If you follow through our introduction to the binomial option pricing model (Part 1 and Part 2), you’ll notice that the binomial model is a discrete-time model, meaning that the uncertainty of the stock price movement is bound in discrete period like year 1, 2, 3 and month Jan, Feb, Mar etc. A natural question to ask is if we can work on continuous periods instead of discrete, something more like our daily experience?
This article would be more conceptual at first, but we’ll tie this with a calculated example applying the Black-Scholes equation.
As always, feel free to download our sample workbook to work through the examples with us.
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Financial modelers aim to answer this with what we call a continuous-time stochastic model, which is a fancy word to frame our question above. Borrowing from Physics, financial modelers based their modelling of the stock price with what we call a Brownian motion/diffusion – a random process that is closely related to the Normal Distribution. Brownian motion is first used to describe how a pollen grains move randomly after colliding with water molecule, as describe in the figure below:
Black-Scholes Equation & Delta-Hedging
We are going to simplify a lot (really a lot!) of the details in coming up with the B-S equation, but the key idea is to remember what we try to achieve in the binomial option pricing model and generalize the idea into continuous-time. Financial modelers start with the same setup as the binomial tree model: a hedging portfolio. This time, we are instead interested in a dynamic setting, so the delta-hedge (d* in our previous article) is instantaneous and continuous. With some heavy-lifting in stochastic calculus, we arrive at a portfolio that is risk-free, and is able to arrive at the present value through discounting the payoff of the replicating portfolio with the risk-free interest rate.
One of the terms that you’ll often hear people mention is the lognormal distribution. Because of the close relationship of the Brownian motion and the Normal distribution, we are de facto modelling the stock returns (or more precisely, the log-returns) using the normal distribution. As such, the stock price at a after a given period of time will follow a lognormal distribution, which is a skewed and non-zero.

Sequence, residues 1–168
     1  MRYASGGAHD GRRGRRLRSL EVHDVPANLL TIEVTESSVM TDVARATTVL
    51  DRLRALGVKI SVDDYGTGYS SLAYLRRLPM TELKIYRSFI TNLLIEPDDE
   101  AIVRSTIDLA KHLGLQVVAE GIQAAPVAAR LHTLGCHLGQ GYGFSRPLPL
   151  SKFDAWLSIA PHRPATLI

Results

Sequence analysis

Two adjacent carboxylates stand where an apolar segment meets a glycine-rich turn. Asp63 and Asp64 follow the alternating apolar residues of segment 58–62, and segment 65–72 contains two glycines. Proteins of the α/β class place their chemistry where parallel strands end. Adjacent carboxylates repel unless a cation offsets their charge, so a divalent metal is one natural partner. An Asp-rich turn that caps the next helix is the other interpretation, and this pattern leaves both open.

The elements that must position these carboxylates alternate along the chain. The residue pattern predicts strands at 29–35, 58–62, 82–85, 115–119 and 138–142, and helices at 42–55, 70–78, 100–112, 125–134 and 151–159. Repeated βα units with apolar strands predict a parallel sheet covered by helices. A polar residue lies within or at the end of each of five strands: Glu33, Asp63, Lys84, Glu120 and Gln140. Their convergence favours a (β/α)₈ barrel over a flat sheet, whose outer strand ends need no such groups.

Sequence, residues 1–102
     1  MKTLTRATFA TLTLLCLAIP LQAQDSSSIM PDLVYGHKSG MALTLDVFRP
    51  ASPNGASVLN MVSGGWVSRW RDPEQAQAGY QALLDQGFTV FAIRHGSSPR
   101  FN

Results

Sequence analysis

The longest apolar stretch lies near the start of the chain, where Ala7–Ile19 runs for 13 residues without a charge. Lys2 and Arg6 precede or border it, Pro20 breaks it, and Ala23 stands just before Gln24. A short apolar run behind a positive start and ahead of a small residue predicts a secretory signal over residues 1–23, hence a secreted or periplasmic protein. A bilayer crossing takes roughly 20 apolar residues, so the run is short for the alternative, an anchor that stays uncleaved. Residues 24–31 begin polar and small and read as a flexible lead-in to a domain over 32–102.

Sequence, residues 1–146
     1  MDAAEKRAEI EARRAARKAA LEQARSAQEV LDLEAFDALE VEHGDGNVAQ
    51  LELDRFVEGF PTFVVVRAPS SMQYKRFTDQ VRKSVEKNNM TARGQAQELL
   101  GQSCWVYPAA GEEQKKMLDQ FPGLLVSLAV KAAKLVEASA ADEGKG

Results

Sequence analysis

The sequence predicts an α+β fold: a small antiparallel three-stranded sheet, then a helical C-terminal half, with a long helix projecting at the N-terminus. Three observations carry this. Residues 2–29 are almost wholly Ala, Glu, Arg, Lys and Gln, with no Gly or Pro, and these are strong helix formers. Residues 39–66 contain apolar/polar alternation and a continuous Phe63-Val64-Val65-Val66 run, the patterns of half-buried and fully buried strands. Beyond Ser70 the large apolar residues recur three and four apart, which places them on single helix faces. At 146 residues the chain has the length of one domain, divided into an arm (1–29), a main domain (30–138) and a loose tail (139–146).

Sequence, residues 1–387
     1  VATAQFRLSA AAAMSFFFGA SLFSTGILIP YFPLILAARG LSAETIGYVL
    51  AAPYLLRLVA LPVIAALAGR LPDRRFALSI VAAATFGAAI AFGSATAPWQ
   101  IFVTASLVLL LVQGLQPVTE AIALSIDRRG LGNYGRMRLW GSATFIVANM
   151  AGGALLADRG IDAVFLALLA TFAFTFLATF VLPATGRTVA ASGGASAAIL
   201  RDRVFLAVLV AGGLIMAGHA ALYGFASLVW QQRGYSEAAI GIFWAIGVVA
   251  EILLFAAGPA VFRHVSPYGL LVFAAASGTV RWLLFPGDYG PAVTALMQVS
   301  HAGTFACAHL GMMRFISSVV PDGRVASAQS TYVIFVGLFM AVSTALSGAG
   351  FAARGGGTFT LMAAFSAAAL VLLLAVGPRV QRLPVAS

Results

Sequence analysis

An important thing to note here is on the form of the solution of the option price. While a nice pricing equation does exists for in more vanilla options which are not path-dependent (i.e. you could not exercise the option mid-way through the contract), they don’t exist for exotic products which are path-dependent. In those cases, we’ll have to use a technique called Monte-Carlo Simulation to approximate the price.
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Under Black-Scholes, stock price is assumed to be distributed lognormally.
European Options – With nice equations
Since European options are not path-dependent, we do have nice equations to describe their price under the Black-Scholes model. This is again a result of modelling the stock price under a lognormal distribution (which comes from the Brownian Motion), and therefore we can deduce a general pricing formula for European options. If you are interested in the derivation, you can check it out at the end of this article, but otherwise we’ll take the results as granted and apply it to Excel.
Let’s start from the pricing input:
- S0: Initial stock price
- K: Strike price
- r: Risk-free rate of interest
- σ: Volatility of the stock
- T: Time to maturity
Given the following input, the appropriate (i.e. no-arbitrage) price for a European call option is provided by applying the formula shown below. Don’t be discouraged by the seemingly complicated formula! As usual, let’s give the components a economic interpretation and understanding the concepts behind.
At first glance, you may notice that the formula is in the format similar to the payoff of a call option, which is S – K. The only difference is the N(d1) or the N(d2) that is applied to S and K separately. While the math is complicated, the intuition is:
- S0N(d1) is the conditional expected value of the stock price at maturity, given that the option is in-the-money
- N(d2) is the probability of in-the-moneyness, i.e. the expected value of the price you paid for the stock at maturity is the discounted strike price multiplied by N(d2)
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European Option in Excel
Applying the formula we have in the above, we can easily price any European option as long as we have the 5 inputs available to us! One thing to keep in mind here is on N(d1) and N(d2). Since we are trying compute the cumulative probability function of a standard normal random variable at d1 (or d2), we need to use the Excel functions =NORM.DIST(d1,0,1,TRUE), where 0 and 1 are the mean/standard deviation of the Normal distribution respectively.
Try it out yourself and see if you can get the formula correct in Excel!
In our next article, we are going to introduce an even more sophisticated and interesting way to price options in Excel – Monte-Carlo Simulation. We’ll start with an example for American option and work our way to learn about VBA as well.
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Appendix: Deriving the Black-Scholes formula
This part is for the geeks: we outline a proof to arrive at the Black-Scholes formula for pricing an European call option below.
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